The latest COVID lockdowns are hurting the Chinese economy
China’s zero-COVID policy has been putting a damper on its economy for a while now. Entire cities have been looking at lockdowns, like Hainan Island. While air travel around the world is showing signs of recovery, air traffic in and out of China is almost nonexistent.
Yesterday, a few of China’s bigger cities announced new measures to curb COVID, threatening the already COVID-beaten economy even more. Some areas introducing new policies include Shenzhen (a major tech hub), Chengdu and Dalian (a port city). The cities are imposing lockdowns, closing businesses and delaying the school year from some throughout entire districts because of a new wave of cases. Now, millions of people have been placed under strict lockdown, and large events and marketplaces have been suspended. In Shenzhen, officials said that the outbreak culprit is the new subvariant omicron BF.15. Mainland China reported 1,717 cases of COVID on Tuesday. Hong Kong, which doesn’t have quite as strict COVID rules as the Mainland, is expecting daily cases to surpass 10,000 this week.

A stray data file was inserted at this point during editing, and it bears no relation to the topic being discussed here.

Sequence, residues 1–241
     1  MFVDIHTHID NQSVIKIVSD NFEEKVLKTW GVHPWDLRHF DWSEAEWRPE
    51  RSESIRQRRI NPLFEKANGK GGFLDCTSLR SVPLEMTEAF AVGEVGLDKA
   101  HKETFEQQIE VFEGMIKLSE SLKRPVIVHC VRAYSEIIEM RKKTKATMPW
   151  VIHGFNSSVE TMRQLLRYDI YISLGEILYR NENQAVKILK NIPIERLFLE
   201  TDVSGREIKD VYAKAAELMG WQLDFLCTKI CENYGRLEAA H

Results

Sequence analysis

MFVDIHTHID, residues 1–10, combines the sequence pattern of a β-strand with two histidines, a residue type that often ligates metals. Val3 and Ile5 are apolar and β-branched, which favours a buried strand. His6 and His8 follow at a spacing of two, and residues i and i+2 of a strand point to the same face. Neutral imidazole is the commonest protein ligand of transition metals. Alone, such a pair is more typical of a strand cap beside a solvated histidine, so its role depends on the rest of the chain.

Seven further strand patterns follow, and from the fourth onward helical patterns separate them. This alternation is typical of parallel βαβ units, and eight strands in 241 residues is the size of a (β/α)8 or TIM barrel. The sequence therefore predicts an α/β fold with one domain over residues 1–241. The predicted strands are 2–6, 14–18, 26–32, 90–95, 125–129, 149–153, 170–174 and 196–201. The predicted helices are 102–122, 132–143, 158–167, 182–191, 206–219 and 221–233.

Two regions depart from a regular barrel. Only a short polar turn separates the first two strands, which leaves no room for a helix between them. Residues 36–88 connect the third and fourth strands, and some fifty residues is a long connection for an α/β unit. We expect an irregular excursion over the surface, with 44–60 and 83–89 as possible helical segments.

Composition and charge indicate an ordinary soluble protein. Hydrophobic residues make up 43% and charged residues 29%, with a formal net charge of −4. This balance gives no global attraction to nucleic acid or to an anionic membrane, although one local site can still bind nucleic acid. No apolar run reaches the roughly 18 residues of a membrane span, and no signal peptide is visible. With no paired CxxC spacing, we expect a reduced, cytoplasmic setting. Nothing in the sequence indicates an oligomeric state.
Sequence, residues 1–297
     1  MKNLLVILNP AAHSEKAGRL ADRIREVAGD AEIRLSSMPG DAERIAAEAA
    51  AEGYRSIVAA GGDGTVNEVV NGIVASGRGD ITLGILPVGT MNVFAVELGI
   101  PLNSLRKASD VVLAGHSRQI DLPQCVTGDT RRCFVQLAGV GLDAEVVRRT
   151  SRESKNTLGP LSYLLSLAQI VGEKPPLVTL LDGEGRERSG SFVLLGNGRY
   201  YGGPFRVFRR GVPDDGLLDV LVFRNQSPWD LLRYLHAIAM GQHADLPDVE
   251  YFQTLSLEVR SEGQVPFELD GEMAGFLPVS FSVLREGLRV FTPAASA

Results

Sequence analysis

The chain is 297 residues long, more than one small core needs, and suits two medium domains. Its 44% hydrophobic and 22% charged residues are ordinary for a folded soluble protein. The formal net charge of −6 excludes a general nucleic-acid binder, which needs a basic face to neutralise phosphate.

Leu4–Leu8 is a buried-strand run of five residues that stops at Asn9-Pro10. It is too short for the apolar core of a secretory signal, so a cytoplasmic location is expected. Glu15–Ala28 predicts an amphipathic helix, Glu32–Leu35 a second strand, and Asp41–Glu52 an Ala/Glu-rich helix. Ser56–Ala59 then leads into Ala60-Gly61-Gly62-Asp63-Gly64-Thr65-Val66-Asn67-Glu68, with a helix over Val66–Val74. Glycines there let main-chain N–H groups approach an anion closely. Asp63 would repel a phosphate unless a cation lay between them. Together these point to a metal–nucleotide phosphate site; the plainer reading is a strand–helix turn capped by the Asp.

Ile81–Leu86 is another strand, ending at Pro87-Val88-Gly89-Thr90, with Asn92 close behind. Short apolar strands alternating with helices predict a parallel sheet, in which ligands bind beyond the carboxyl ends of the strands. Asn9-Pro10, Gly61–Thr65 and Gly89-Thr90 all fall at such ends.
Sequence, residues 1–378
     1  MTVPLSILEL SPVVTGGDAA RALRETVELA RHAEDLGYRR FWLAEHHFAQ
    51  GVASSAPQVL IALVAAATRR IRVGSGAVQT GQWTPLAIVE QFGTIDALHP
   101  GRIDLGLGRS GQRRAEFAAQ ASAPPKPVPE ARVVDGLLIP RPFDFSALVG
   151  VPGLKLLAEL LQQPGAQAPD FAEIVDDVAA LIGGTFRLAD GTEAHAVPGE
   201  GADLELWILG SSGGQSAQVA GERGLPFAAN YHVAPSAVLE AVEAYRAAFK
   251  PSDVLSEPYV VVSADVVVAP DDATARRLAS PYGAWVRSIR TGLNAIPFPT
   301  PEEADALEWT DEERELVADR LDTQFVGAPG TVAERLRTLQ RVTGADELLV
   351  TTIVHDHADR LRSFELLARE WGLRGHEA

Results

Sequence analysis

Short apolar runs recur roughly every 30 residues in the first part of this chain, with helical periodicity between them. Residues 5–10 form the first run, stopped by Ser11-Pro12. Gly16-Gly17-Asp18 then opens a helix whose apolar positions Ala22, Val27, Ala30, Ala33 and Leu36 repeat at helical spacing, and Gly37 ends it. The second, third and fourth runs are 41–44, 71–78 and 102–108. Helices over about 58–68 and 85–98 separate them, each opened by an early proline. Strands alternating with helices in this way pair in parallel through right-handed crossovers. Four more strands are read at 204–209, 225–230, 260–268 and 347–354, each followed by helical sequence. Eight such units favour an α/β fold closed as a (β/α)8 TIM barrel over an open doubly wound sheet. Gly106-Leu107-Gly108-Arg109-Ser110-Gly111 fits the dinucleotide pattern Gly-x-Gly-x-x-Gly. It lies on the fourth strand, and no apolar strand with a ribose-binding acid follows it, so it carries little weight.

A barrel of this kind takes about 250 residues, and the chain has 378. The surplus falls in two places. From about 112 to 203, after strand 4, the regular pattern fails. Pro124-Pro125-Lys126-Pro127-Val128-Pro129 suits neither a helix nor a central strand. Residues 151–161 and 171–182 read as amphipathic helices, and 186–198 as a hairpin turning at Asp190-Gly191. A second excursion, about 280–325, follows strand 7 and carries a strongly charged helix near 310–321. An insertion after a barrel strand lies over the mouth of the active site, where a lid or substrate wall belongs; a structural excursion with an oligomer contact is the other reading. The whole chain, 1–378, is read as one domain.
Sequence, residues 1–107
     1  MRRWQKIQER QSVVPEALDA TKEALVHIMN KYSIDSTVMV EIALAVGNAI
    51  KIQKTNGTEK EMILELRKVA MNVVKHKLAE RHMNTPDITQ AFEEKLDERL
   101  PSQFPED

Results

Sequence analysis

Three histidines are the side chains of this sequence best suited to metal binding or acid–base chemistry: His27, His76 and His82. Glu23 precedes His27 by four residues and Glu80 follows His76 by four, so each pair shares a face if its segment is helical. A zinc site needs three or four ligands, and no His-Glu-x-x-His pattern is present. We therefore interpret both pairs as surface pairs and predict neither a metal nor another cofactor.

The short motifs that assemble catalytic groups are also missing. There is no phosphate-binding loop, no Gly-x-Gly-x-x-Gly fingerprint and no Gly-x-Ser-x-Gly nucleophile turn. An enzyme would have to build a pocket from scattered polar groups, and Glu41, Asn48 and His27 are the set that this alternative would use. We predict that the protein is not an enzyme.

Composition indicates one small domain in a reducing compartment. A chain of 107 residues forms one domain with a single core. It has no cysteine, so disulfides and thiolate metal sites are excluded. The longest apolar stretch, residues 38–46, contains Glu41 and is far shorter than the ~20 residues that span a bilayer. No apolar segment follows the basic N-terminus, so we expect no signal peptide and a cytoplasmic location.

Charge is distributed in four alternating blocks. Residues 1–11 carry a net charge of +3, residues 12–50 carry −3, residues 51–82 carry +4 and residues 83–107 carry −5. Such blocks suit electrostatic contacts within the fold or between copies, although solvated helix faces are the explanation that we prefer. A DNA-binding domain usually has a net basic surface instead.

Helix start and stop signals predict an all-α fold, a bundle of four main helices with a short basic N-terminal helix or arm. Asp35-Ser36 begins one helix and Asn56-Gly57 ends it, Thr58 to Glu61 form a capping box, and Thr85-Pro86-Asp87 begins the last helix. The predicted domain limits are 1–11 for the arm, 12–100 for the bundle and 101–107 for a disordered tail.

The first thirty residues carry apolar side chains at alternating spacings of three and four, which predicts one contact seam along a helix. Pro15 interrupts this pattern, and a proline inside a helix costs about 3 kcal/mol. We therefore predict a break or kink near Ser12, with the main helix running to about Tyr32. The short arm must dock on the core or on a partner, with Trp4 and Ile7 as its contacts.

“Markets could once again be hit in the next couple of weeks, likely triggering another round of cuts by economists on the street," the tech company Nomura said on Tuesday.
“The upcoming period will be the most stressful, high-risk and grim period for epidemic prevention and control in our city," a Shenzhen official told a news conference on Monday.
“The looming possibility that companies will again be forced to partially or fully halt operations due to lockdowns and the impacts of local controls on consumer demand undermine business confidence in the overall business environment in China," said USCBC President Craig Allen on Monday.